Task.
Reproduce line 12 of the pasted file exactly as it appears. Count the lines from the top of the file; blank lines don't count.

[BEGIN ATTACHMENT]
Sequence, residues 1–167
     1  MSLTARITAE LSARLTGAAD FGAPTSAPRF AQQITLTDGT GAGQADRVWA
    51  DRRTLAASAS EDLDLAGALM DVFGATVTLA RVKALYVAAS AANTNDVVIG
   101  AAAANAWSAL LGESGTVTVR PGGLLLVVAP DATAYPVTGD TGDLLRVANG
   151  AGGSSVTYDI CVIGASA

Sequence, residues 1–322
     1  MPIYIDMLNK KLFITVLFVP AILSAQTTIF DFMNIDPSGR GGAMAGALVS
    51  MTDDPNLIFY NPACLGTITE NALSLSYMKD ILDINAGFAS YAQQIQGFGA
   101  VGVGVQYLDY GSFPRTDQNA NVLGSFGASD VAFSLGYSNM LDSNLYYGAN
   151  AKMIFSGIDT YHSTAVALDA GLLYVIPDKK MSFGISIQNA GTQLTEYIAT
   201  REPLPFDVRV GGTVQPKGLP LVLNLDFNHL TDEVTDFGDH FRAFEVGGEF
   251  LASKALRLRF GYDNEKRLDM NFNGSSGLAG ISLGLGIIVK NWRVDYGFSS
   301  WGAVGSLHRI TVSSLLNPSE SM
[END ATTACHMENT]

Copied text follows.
   251  LASKALRLRF GYDNEKRLDM NFNGSSGLAG ISLGLGIIVK NWRVDYGFSS